A phenomenon often seen in people after having a stroke is “learned non-use.” This occurs when you accept the loss of function of a particular muscle or muscle group and only uses your “good side.”

Treatment for this condition consists of advanced therapy that allows the brain to “re-wire” connections to help regain function and movement.

Spasticity

Spasticity is a frequent outcome of stroke. 

Your limbs may change position; your neck, arms, or legs can get stiff, painful, or shorten, limiting mobility and interfering with activities of daily living.

With specialized and individualized treatment at the UPMC Rehabilitation Institute, quality of life can be improved.

In addition to traditional medicines, we offer treatments for spasticity, including:

  • Phenol: A type of alcohol proven to prevent the transmission of excess nerve impulses when used in small amounts. It can allow for excellent spasticity control, especially in the elbow and thigh muscles.
  • Lioresal (baclofen): This medicine can be very effective in severe cases of spasticity. It's most effective when given through a surgically implanted pump, which allows for very low doses and minimal side effects.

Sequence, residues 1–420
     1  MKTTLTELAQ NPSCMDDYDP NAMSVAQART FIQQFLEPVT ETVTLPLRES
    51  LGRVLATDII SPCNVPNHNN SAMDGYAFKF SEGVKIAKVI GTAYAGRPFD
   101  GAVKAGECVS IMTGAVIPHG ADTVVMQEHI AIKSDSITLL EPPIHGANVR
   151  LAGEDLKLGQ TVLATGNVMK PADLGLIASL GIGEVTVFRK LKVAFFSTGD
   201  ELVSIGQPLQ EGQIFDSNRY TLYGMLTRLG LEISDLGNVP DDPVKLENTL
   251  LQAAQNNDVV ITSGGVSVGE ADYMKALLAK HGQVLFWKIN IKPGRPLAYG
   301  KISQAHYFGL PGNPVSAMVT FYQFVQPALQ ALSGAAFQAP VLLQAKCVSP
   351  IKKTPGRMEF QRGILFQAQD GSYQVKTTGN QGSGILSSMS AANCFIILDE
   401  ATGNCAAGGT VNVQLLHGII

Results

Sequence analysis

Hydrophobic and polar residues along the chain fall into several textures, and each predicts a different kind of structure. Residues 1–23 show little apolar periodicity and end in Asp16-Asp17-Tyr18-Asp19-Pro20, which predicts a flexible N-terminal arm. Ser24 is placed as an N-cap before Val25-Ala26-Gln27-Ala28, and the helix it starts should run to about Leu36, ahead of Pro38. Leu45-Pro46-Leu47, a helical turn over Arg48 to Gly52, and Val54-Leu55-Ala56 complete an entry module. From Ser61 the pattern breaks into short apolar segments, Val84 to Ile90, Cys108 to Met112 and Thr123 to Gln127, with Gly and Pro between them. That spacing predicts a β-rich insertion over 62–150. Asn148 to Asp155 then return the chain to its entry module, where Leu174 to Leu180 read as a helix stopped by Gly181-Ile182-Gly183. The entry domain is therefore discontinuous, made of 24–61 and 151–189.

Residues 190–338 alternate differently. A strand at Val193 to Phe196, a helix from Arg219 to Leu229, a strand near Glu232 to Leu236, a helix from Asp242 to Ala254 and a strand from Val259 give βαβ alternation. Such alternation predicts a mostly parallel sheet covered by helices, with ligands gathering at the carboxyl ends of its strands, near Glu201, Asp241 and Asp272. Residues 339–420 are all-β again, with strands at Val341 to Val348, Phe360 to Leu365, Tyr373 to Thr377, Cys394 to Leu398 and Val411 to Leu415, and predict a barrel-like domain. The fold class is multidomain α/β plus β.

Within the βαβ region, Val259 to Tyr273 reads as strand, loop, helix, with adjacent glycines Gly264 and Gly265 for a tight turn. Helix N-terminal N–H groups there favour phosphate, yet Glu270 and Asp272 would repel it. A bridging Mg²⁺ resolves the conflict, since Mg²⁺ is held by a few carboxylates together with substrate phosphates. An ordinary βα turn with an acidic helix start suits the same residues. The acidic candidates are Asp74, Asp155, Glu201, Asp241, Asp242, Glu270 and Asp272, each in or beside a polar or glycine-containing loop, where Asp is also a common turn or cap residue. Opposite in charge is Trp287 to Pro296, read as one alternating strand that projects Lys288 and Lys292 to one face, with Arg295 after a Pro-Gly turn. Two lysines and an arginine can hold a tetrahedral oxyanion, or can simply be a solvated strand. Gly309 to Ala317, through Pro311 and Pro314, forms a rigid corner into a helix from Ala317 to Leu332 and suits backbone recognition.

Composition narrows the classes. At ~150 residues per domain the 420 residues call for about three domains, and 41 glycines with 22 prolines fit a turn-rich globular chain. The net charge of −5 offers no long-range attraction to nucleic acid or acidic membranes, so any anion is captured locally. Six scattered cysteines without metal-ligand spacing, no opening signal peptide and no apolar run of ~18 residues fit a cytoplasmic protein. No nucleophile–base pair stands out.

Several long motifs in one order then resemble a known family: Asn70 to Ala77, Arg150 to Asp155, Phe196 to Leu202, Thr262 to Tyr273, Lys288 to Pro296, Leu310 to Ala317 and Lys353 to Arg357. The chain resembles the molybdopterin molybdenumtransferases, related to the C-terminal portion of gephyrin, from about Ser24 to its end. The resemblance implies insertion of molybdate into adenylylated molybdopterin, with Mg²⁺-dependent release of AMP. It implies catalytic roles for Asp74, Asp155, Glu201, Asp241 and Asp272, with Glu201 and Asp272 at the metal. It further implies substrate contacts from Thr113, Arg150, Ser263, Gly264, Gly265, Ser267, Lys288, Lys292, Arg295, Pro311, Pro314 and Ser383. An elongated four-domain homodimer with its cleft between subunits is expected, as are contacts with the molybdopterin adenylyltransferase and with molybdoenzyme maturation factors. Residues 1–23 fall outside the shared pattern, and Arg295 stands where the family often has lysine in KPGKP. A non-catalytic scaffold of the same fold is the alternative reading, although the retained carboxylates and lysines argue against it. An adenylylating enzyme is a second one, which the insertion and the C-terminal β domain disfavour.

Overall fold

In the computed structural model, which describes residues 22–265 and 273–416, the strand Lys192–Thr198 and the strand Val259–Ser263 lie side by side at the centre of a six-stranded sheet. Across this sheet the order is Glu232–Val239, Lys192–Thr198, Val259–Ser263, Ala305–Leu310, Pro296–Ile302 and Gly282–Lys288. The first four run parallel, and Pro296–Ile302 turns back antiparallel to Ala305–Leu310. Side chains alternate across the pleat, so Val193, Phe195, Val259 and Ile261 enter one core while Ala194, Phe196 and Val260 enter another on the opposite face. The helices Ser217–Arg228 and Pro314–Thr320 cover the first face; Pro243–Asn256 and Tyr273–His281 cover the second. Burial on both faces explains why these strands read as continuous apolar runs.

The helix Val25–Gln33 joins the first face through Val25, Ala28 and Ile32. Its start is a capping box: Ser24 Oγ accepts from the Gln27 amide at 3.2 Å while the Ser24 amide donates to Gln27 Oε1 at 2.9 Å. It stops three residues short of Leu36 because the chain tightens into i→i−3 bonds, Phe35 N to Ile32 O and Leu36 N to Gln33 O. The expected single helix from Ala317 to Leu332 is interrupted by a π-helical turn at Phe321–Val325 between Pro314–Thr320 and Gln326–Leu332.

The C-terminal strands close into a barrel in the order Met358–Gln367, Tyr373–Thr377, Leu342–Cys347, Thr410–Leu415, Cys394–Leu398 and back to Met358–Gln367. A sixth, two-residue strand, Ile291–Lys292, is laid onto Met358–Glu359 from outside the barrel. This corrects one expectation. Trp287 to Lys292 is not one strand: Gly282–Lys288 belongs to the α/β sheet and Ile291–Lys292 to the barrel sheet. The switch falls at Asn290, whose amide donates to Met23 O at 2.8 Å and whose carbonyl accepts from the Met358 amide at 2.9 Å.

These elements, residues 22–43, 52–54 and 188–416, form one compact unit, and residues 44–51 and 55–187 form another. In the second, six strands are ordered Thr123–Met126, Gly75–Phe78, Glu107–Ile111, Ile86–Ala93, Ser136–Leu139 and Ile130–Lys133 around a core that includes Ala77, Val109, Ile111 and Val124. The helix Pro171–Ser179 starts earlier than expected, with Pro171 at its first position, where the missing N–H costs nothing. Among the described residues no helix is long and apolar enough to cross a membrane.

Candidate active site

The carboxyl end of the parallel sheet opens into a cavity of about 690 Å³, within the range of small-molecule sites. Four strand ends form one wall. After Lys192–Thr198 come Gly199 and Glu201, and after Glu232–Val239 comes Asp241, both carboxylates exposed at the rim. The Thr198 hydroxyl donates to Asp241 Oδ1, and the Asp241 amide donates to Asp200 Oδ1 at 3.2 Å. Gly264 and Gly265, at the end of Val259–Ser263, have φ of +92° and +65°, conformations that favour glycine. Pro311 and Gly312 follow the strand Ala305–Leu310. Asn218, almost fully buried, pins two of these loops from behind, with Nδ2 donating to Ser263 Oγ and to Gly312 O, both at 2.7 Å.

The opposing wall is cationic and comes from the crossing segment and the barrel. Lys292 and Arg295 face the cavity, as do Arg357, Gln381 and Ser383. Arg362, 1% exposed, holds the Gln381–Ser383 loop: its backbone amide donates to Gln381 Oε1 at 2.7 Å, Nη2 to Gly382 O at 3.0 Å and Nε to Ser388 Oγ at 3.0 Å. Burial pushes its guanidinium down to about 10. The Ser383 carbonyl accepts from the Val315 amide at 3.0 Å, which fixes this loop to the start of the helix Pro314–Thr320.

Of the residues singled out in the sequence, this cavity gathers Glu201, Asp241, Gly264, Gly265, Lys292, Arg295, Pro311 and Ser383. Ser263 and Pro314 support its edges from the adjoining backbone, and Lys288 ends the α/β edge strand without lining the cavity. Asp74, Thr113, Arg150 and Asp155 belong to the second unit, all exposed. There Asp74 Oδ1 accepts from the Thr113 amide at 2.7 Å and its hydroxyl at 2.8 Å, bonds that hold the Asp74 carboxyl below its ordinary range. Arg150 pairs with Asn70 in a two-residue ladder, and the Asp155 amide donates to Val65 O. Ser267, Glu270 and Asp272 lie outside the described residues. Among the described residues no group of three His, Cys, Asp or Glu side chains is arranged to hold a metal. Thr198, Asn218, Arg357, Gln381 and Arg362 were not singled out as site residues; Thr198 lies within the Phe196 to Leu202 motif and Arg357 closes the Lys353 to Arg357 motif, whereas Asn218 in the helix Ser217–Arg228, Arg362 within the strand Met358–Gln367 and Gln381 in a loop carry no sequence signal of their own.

• Botulinum toxin injections: This can be very successful for treating spastic muscles, when used in small amounts.

Communication Problems After a Stroke

Communication problems after a stroke may involve:

  • Speech disorders
  • Language disorders
  • Cognitive-linguistic deficits
  • A combination of any or all of the above

The speech-language pathologist at the UPMC Rehabilitation Institute evaluates and provides treatment for these problems.

Type Description
Speech Disorders
  • Dysarthia — A collective term used to describe speech changes caused by any of the following:
    • Muscle weakness
    • Incoordination